I was struck very much by that very correct observation. You said, “Levi never gives vent to his feelings. There is never purely any letting off of steam.” Instead, this made me think of an episode that had to do with someone with the same last name, Carlo Levi. It is an episode that one of our greatest philologists, Gianfranco Contini wrote about. When Carlo Levi left the outer regions and came back here to Turin, which was where he was from, he first stopped at Florence, where he had a lot of friends. At the home of these friends, he told stories all night long about what was to become Christ Stopped at Eboli several years later. With a smooth ellipsis, Contini wrote: “Must I confess that I harbor some nostalgia for that oral version, all lit up with poetic enthusiasm, as opposed to the discursive intelligence that inspired the printed book?”
I don’t believe that we could say this sort of thing about Levi too, despite all his bravura. We have heard and seen him in his radio interviews and his television interviews. We have seen him in his absolute precision, an absolutely restrained participation, and a modest participation. But why, I’m asking you? In what way does Primo Levi construct in writing? What more does he put into it? What is the secret ingredient in Coca-Cola?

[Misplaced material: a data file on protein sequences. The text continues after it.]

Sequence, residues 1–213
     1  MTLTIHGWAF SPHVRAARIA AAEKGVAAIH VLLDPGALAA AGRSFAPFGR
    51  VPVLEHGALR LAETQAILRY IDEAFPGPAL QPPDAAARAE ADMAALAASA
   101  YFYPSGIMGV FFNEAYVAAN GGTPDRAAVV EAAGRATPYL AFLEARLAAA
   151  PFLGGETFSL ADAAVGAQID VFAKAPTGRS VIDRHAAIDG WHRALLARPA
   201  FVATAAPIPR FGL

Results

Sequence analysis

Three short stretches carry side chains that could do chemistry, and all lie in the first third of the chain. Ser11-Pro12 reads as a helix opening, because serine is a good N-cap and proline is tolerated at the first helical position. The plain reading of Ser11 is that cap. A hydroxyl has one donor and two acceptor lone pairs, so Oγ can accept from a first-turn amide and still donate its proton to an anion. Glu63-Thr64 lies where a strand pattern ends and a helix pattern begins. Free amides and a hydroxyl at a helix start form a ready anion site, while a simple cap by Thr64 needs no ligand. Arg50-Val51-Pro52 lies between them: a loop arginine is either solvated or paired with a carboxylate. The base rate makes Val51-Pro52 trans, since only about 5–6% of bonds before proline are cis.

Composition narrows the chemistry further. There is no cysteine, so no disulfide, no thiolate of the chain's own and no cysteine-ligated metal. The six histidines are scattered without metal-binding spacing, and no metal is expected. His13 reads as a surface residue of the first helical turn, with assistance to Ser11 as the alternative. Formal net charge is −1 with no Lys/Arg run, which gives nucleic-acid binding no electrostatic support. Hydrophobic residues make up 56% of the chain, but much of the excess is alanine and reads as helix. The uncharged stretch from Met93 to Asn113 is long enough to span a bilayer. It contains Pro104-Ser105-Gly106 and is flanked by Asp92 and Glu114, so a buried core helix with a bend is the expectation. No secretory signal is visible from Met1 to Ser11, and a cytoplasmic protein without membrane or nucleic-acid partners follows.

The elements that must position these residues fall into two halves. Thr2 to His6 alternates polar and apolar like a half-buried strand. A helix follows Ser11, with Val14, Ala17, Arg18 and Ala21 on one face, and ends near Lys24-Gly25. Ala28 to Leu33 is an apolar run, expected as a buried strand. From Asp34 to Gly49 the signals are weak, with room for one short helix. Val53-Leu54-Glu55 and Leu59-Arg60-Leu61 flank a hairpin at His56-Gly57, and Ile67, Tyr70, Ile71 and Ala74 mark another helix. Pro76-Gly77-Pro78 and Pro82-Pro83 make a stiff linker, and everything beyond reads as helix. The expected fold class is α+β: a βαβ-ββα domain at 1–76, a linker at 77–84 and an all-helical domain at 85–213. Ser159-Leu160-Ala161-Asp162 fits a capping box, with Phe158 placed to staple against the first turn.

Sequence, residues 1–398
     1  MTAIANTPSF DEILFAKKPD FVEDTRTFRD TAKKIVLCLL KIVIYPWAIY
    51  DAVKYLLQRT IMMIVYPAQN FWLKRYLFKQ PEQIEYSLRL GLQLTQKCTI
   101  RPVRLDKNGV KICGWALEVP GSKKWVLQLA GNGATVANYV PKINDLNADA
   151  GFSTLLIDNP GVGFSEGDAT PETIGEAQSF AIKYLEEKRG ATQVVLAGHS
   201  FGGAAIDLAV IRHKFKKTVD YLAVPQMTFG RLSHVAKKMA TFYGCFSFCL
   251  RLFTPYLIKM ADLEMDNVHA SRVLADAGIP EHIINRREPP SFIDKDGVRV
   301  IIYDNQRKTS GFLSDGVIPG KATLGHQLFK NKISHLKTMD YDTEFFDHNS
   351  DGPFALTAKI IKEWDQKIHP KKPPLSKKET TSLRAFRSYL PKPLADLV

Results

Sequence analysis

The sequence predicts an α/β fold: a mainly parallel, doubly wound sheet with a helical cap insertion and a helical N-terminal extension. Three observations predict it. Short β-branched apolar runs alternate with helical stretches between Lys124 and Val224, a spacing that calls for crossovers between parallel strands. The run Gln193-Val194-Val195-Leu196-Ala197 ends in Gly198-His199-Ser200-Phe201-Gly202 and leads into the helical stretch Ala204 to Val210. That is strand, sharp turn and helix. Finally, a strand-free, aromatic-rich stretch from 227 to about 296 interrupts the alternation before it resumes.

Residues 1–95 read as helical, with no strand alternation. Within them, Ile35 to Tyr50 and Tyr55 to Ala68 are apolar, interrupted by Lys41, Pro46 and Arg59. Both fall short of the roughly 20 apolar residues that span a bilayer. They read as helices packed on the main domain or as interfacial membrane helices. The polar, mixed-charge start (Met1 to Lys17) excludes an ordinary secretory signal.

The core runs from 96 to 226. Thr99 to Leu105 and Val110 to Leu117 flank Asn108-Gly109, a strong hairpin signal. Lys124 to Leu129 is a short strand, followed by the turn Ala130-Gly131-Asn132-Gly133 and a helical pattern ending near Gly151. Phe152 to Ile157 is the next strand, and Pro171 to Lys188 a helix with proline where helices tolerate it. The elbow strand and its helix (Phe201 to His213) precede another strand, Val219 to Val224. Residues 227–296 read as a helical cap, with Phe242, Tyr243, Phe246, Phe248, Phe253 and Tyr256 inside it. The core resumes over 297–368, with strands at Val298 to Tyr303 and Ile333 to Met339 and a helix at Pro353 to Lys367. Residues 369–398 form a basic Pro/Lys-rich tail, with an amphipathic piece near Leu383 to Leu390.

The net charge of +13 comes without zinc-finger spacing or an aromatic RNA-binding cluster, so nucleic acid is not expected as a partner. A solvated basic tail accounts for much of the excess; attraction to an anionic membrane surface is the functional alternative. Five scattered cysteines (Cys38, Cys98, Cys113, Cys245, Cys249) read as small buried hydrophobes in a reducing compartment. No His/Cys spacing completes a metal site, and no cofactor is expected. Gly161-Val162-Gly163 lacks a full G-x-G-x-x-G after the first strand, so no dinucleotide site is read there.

[to the students in the audience]
If you aren’t paying attention, you don’t pay attention unless I catch you off guard with these cracks.
Therefore, the… I imagine that Contini was possibly right and I think that Mimmo Scarpa was right too to put it in those terms. Anyway, there is a basic difference in what is being talked about. Carlo Levi had it on his mind to talk about a unique experience, a discovery that had many seductive aspects in retrospect. It had many seductive aspects – i.e. the townswomen who were reputed to be witches, who schemed, who knew charms for a quantity of things and then that peasant world, archaic and pre-Christian, those hovels where there was an image of the Madonna of Stigliano with a photograph of Roosevelt. It was something adventurous and fairy-tale-like.